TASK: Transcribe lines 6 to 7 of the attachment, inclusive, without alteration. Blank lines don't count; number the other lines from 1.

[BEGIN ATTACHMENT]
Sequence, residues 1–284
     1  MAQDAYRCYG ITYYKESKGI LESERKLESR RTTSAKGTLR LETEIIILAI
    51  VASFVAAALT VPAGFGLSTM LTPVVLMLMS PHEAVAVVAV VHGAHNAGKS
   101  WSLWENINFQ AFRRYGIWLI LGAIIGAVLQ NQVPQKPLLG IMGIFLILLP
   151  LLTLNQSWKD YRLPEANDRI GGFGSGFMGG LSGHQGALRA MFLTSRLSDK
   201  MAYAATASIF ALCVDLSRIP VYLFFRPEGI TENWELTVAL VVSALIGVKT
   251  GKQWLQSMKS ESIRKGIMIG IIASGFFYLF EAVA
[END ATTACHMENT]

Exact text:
   201  MAYAATASIF ALCVDLSRIP VYLFFRPEGI TENWELTVAL VVSALIGVKT
   251  GKQWLQSMKS ESIRKGIMIG IIASGFFYLF EAVA